Tata confirms site for £4bn battery factory which will employ 4,000

Indian conglomerate Tata has confirmed Bridgwater in Somerset as the site of its new £4 billion battery factory which will bring about 4,000 jobs to the region.

Tata’s battery business Agratas said that it had bought land at the Gravity Smart Campus off the M5 just outside the town.

Tata confirmed in July last year that it had chosen to build its next so-called gigafactory in the UK. It secured about £500 million in UK Government subsidies to do so.

It did not confirm where it was planning on constructing the facility, but Bridgwater had been widely tipped as the most likely. The site used to be home to a factory which produced high explosives for military use and which closed in 2008.

“Our multi-billion-pound investment will bring state-of-the-art technology to Somerset, helping to supercharge Britain’s transition to electric mobility whilst creating thousands of jobs in the process,” said Agratas chief executive, Tom Flack.

The company said that it would be getting in touch with local residents this week to tell them about the project.

Preliminary activity has already started on the site, and work to establish the factory’s foundations will start in the spring. Battery production will begin in 2026 according to the current schedule.

As the UK and global car industry retools to produce electric cars rather than more polluting petrol or diesel alternatives, the batteries needed to propel these cars are becoming increasingly important.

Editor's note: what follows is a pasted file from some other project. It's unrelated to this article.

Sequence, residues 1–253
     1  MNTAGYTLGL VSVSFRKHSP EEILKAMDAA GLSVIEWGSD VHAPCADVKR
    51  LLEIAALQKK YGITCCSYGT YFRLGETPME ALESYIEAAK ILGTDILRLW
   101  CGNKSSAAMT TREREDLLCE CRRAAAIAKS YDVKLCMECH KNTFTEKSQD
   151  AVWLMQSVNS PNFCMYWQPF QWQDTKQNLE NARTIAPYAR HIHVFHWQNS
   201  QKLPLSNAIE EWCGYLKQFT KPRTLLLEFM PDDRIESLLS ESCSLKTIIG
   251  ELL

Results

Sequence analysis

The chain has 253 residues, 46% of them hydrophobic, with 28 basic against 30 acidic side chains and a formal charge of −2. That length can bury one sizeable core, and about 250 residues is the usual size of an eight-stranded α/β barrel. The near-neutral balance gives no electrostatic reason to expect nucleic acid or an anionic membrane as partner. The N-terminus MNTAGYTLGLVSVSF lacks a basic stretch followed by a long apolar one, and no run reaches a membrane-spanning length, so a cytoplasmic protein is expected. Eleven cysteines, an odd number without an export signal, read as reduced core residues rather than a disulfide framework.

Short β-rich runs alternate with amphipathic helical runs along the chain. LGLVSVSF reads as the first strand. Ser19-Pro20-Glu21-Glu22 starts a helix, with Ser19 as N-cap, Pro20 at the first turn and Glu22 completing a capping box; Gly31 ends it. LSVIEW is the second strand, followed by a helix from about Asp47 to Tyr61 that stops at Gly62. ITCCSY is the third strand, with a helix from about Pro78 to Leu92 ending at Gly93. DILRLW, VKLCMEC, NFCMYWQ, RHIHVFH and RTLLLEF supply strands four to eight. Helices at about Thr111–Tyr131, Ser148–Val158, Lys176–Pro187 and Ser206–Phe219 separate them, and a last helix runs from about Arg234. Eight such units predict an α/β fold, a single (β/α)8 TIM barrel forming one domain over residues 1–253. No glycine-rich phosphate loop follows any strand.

MPs on the Business and Trade Committee in November warned that 160,000 jobs in the UK would be imperilled if the country cannot supply the batteries that these car manufacturers will need.

The plans announced at that point – including Tata’s 40 gigawatt hour (GWh) plant – were only enough to cover about half the 100 GWh of production the UK will need by 2030.

Agratas said that Tata Motors and Tata-owned Jaguar Land Rover would be its first customers. It also plans to create batteries for commercial energy storage, two-wheelers and commercial vehicles.

Councillor Bill Revans, leader of Somerset Council, said: “This is momentous for the county, its economy and for future generations.

“It’s about seizing an incredible opportunity to be at the heart of the UK’s green energy industry that will create thousands of highly-skilled, well-paid, green jobs.”

Investment minister Lord Johnson of Lainston said: “This is fantastic news for Somerset, and will create 4,000 direct jobs plus thousands more in the wider supply chain.

“We’re committed to making the UK one of the very best places in the world for automotive investment, and Tata Group’s decision to build its gigafactory here shows once again that this Government’s plan for the car industry is working.”